Images courtesy of Gregory Asner/Carnegie Institution
Never let it be said that we at TreeHugger, out of our unconditional love for trees, judiciously avoided recognizing the threat posed by invasive tree species... to other trees (cue the sound of crickets chirping). Yes, according to a new study published in the Proceedings of the National Academy of Sciences by scientists at the Carnegie Institution, non-native trees have been steadily invading Hawaii's lush tropical rainforests - putting their basic ecological structure (and resources) at great risk.
Gregory Asner of the Department of Global Ecology led the project, using remote sensing technology on an aircraft to survey the invasive species' impact on Hawaii's 850 sq. mi of rainforest. The result, seen above and on the first page, was the "CAT scan" image of the forest, which helped the scientists map its complete 3-D structure and identify key plant species; the red/pink blotches depict the invasive species while the green/blue blotches depict the island's natural flora, dominated by the ohia tree.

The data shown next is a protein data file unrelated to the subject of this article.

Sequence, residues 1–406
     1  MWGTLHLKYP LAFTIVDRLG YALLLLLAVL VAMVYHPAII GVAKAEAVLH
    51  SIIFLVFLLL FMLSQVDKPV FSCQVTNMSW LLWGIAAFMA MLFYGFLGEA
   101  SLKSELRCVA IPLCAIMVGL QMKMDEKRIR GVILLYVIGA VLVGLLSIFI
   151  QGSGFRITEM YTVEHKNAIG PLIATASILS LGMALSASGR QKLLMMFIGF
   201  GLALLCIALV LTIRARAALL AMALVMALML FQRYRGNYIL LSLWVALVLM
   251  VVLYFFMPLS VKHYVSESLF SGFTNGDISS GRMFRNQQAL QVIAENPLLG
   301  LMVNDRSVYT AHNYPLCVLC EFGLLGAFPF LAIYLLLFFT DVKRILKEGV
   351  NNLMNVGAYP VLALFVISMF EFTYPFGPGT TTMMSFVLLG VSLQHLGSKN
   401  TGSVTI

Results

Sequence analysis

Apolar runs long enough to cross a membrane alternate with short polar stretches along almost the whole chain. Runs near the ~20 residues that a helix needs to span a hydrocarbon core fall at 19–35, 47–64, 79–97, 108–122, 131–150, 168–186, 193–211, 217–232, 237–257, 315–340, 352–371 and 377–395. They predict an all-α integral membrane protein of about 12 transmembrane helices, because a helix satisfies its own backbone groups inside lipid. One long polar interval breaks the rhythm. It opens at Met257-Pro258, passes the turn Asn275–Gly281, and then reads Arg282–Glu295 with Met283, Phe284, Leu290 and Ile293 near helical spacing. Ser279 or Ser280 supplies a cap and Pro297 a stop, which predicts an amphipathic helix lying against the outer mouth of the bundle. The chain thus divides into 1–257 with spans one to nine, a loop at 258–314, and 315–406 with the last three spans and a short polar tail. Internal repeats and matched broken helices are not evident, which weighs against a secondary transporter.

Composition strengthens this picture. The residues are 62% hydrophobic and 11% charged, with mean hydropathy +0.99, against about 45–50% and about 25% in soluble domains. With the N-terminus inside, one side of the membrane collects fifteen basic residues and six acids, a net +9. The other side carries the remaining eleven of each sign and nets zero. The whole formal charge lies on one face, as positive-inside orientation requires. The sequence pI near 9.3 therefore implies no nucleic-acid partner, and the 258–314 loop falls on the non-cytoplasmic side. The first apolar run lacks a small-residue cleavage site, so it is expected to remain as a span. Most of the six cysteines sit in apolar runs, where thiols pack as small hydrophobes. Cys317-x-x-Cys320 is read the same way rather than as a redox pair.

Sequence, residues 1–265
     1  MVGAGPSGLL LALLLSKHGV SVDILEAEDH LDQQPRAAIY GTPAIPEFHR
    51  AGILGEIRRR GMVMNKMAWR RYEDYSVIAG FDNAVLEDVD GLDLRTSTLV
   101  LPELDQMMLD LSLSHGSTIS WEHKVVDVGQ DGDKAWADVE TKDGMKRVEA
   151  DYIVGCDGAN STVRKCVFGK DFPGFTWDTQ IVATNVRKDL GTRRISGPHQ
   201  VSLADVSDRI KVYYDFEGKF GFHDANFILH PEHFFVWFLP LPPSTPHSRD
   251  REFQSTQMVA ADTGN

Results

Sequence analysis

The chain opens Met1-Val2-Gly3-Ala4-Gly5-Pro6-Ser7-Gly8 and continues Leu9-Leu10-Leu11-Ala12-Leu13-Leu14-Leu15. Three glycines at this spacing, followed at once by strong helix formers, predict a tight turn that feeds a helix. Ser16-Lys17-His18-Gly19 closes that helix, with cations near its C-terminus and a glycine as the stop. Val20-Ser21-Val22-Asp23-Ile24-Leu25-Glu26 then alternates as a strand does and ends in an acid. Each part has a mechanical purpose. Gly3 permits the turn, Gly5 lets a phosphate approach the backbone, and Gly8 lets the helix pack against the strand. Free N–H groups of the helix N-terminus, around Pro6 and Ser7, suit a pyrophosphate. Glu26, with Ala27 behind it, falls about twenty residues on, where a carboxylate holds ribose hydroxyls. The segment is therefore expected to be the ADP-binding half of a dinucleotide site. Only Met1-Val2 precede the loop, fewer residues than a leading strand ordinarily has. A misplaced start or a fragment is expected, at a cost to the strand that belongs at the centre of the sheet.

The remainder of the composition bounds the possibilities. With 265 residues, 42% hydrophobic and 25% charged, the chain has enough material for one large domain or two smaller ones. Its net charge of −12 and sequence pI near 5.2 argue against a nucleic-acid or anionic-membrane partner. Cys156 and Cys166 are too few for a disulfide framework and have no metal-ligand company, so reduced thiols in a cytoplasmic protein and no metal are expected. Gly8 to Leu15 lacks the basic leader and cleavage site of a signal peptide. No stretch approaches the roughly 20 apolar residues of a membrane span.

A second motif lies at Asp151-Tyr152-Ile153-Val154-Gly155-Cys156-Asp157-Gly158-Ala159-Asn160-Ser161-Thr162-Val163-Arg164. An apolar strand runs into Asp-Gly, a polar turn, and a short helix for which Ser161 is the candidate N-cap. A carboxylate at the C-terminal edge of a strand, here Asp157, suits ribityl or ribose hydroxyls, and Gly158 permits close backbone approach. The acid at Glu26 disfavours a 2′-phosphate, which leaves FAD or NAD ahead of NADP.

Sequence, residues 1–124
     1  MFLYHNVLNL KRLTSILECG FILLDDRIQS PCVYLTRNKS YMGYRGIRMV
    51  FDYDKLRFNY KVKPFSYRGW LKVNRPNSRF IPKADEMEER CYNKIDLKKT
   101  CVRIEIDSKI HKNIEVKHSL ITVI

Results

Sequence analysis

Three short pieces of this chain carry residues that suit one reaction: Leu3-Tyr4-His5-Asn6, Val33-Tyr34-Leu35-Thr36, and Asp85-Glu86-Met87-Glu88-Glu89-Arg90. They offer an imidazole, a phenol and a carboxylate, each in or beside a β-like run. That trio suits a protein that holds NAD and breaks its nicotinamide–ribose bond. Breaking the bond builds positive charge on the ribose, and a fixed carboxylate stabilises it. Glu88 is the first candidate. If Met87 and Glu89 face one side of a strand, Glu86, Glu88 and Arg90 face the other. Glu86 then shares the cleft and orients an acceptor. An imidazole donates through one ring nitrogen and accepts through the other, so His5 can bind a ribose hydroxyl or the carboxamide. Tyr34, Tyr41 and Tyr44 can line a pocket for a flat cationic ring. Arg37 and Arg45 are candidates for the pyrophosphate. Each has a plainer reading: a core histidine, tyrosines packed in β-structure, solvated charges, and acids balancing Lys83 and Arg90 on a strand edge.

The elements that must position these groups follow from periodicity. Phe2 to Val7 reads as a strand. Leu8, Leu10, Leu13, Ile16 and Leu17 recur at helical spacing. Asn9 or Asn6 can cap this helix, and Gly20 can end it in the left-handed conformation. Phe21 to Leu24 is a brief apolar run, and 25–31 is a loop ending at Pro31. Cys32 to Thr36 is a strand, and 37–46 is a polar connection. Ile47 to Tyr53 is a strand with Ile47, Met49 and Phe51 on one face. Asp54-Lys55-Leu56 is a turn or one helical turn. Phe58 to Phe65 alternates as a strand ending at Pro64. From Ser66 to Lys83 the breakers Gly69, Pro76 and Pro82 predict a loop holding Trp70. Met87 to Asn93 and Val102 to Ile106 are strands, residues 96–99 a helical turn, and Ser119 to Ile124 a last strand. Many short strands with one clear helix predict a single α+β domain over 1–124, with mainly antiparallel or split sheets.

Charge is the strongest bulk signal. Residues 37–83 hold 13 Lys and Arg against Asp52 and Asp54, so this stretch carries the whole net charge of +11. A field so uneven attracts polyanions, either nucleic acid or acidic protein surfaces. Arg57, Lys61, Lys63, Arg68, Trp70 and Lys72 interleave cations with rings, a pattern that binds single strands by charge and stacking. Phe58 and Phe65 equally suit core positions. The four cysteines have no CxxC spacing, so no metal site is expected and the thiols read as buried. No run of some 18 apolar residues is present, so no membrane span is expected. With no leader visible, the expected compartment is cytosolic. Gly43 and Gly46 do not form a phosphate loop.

The scientists observed that the stands of two invasive species in particular - Fraxinus uhdei and Morella faya - formed much denser canopies than did the ohia trees, resulting in less light filtering to the forests' lower levels and blunting the growth of native understory plants. These observations were all made in protected state and federal forest reserves, suggesting that the species were able to widely disperse without the help of anthropogenic activities.
Asner and his colleagues hope the innovative technology will help Forest Service officials and local authorities more effectively monitor the make-up of forests and nip future invasions in the bud.
Via ::ScienceNOW: Trouble in Paradise (news website)